As a licensed firearms manufacturer (FFL Type 07) or importer (FFL Type 08), federal regulations require every firearm manufactured or imported be legibly identified with an individual serial number and additional information. The primary reason for serialization is to aid law enforcement efforts in tracing firearm origination and movement in the commercial sector, as well as identifying suspicious transaction activity. Serial numbers also allow FFLs to maintain accurate and complete bound books and other regulated records.
While there are specific requirements for where the serial number and information are placed, there are many ways to serialize a firearm, including engraving, casting and stamping (impressing), which many of today’s modern firearm manufactures achieve with laser technology. However, there’s more to firearm serialization than simply marking firearms.
From reservation to tracking, we’ll review four compliance best practices to consider throughout the firearm serial number management process.
Establish Serialization Standards
Today, most FFL manufacturers use software to integrate their enterprise resource planning (ERP) system and marking hardware with a centralized database, allowing part numbers to be connected to serial numbers and their application automated. While less susceptible to human error, this process is not without potential compliance pitfalls.
Before a firearm can be serialized, standards must first be in place to determine where serial numbers are applied and how numbers will be reserved. ATF regulations require serial numbers be placed in a manner not susceptible of being readily obliterated, altered or removed, as well as no numbers be duplicated. By determining serial number placement, format, sequence and batch size prior to production, FFL manufacturers can ensure they maintain consistency and compliance throughout the serialization process. Standards should also include establishing who has access to the reservation database to make necessary updates and changes.
Follow Marking Requirements
Specified in 27 CFR § 478.92, the ATF lays out various marking requirements for firearm serialization. To maintain FFL compliance, firearm manufacturers and importers must ensure the following:
- Serial numbers must be placed conspicuously on the firearm frame or receiver.
- The engraving, casting or stamping (impressing) of serial numbers must be to a minimum depth of .003”, measured from the flat surface of the metal, and in a print size no smaller than 1/16”.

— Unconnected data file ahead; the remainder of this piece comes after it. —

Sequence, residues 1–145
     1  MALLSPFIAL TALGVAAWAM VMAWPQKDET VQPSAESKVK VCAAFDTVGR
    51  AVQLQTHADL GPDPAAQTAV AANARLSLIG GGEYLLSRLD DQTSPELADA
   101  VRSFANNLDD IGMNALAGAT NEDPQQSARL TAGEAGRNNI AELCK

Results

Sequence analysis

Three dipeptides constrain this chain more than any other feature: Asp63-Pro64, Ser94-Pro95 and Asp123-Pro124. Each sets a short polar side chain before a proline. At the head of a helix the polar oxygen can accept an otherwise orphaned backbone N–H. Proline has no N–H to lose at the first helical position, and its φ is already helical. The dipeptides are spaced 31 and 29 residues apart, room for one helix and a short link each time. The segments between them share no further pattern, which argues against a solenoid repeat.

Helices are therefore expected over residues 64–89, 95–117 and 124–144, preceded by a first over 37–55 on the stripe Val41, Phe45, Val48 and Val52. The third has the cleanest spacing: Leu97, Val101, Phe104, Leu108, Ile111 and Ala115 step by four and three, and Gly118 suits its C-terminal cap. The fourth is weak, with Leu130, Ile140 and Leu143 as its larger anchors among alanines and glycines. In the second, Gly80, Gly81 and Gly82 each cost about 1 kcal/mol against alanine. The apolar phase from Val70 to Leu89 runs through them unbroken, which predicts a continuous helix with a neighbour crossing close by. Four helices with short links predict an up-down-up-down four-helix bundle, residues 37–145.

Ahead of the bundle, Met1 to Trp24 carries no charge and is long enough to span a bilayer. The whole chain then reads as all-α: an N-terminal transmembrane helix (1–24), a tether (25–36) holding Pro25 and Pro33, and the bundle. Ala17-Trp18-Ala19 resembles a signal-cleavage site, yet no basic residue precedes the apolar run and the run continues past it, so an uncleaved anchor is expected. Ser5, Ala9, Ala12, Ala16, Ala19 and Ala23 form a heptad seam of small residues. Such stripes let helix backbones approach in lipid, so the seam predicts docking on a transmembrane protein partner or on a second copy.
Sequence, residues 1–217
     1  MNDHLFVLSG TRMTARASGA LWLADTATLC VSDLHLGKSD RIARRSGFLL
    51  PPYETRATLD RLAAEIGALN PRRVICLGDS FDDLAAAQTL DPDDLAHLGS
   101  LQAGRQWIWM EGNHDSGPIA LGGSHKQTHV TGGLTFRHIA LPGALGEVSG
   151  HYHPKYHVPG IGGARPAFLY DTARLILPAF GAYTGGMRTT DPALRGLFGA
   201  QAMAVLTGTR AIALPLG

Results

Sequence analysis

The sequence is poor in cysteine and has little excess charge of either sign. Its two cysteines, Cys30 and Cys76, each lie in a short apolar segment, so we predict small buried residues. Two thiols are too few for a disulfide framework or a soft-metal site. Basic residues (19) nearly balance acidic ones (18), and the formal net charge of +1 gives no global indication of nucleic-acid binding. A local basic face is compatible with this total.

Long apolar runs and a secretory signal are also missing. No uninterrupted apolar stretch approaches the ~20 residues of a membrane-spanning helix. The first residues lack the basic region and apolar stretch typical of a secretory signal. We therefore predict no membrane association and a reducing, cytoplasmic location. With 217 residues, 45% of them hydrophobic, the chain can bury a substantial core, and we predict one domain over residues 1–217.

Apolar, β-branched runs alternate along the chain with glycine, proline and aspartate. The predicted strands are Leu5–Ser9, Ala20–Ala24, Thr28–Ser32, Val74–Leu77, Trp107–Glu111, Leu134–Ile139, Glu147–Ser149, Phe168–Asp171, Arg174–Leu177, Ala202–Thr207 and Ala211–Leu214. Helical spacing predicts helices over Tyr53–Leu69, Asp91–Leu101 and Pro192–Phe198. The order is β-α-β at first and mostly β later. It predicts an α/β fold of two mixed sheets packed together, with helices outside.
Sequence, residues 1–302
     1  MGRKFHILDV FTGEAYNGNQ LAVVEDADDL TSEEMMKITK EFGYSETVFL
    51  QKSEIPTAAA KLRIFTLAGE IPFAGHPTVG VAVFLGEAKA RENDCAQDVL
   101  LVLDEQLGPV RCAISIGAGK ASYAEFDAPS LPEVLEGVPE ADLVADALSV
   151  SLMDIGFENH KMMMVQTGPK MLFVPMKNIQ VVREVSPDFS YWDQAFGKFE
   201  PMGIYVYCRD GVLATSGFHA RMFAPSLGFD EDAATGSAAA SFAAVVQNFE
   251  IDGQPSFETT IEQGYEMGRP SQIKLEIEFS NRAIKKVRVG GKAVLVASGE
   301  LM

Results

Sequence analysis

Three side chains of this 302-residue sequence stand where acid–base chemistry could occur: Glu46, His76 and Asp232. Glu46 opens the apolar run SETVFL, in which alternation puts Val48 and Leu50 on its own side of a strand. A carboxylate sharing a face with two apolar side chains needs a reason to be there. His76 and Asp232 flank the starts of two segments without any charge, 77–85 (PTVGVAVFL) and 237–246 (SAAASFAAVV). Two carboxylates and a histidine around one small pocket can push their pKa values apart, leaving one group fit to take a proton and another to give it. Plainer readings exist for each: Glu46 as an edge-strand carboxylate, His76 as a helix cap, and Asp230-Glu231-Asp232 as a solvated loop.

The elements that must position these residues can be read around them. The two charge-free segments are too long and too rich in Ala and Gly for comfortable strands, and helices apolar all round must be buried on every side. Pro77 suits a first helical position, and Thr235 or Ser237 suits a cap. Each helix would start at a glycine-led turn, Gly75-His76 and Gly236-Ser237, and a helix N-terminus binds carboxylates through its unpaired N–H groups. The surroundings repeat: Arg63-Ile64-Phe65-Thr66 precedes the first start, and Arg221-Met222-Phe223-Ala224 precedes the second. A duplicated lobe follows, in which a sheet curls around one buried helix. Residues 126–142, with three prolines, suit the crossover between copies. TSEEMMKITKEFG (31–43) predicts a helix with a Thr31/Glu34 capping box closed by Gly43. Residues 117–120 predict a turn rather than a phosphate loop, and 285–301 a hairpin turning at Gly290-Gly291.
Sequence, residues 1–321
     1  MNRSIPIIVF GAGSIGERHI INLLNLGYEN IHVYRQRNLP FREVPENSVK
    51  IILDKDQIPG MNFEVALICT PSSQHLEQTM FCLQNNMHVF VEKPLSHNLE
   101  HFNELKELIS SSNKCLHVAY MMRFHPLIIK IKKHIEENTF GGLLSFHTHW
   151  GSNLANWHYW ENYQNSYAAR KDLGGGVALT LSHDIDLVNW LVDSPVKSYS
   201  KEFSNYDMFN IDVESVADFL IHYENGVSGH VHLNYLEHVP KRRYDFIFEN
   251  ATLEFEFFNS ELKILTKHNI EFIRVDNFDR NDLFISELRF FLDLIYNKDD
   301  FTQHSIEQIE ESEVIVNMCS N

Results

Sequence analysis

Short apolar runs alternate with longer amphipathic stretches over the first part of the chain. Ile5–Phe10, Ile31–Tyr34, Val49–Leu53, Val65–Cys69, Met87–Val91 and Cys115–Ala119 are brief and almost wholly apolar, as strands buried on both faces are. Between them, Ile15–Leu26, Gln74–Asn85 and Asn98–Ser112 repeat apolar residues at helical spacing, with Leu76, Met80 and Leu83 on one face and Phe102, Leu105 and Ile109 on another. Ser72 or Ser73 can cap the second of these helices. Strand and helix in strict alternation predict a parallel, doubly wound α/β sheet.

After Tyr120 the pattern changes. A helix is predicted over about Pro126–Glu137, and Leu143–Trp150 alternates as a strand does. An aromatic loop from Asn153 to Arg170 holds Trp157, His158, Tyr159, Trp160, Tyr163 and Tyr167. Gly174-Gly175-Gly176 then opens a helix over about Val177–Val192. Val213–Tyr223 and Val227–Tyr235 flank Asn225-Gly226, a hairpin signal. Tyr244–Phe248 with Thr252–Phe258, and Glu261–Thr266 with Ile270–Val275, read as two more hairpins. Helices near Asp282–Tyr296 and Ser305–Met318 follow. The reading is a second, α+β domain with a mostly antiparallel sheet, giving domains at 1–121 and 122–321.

- Additional information, including (a) model, (b) caliber or gauge, (c) name of domestic or foreign manufacturer, (d) city and state of domestic manufacturer, and (e) foreign manufacturer country and city and state of importer, must be placed conspicuously on the frame, receiver or barrel.
All serialized firearms should be examined and validated to ensure compliance with these regulations prior to their distribution in commerce.
Track Inside Your Facility
The methods used by an FFL to track firearms inside their facility depends upon the size and complexity of the business. After all, tracking the whereabouts of a compact pistol inside the confines of a 1,000,000-square-foot building necessitates a more robust environment than that of one a one-hundredth of the size. However, no matter how large your business or facility is, tracking firearms throughout the serialization process is critical to limiting theft and loss.
Whether done manually or by way of a warehouse management system (WMS), firearms should be tracked as they transition from works in progress to finished goods. This includes noting where firearms are physically stored, at what stage of completion they are at and that the serial numbers and required information match you’re A&D bound book records. Tracking is also important when shipping firearms, as proper picking and labeling processes can prevent false dispositions and “wrong gun in box” scenarios when fulfilling orders.
Maintain Accurate & Timely Records
The importance of establishing standards prior to serialization is to maintain accuracy of firearms transactions in your FFL bound book. Not caught, a wrong serial number could lead to a wrong acquisition and disposition records, with errors passed down the supply chain and ultimately onto the consumer, resulting in major ATF violations.
Once a firearm has been serialized and the physical product validated for required information, that information must be checked for accuracy against an acquisition entry – whether automated or done manually. The serial number and information data must match the markings on the firearm and, by law, must be recorded within seven days for manufacturers or 15 days from the date of released from U.S. Customs for importers. Data and dates should also be confirmed when firearms are disposed of for shipping, theft/loss or destruction.
No matter what serial number structure you select, what method you use to mark firearms, how you track firearms in your facility or the frequency in which you perform “book to physical” inventories, your FFL can limit compliance risk throughout the serialization process by following these best practices.
Contact us today to learn how your firearms manufacturing or import business can integrate existing software and processes with Orchid eSerial™, eBound™ and ERP Accelerator™ solutions, as well as navigate ATF regulations, to ensure your FFL is running at maximum efficiency with the utmost compliance.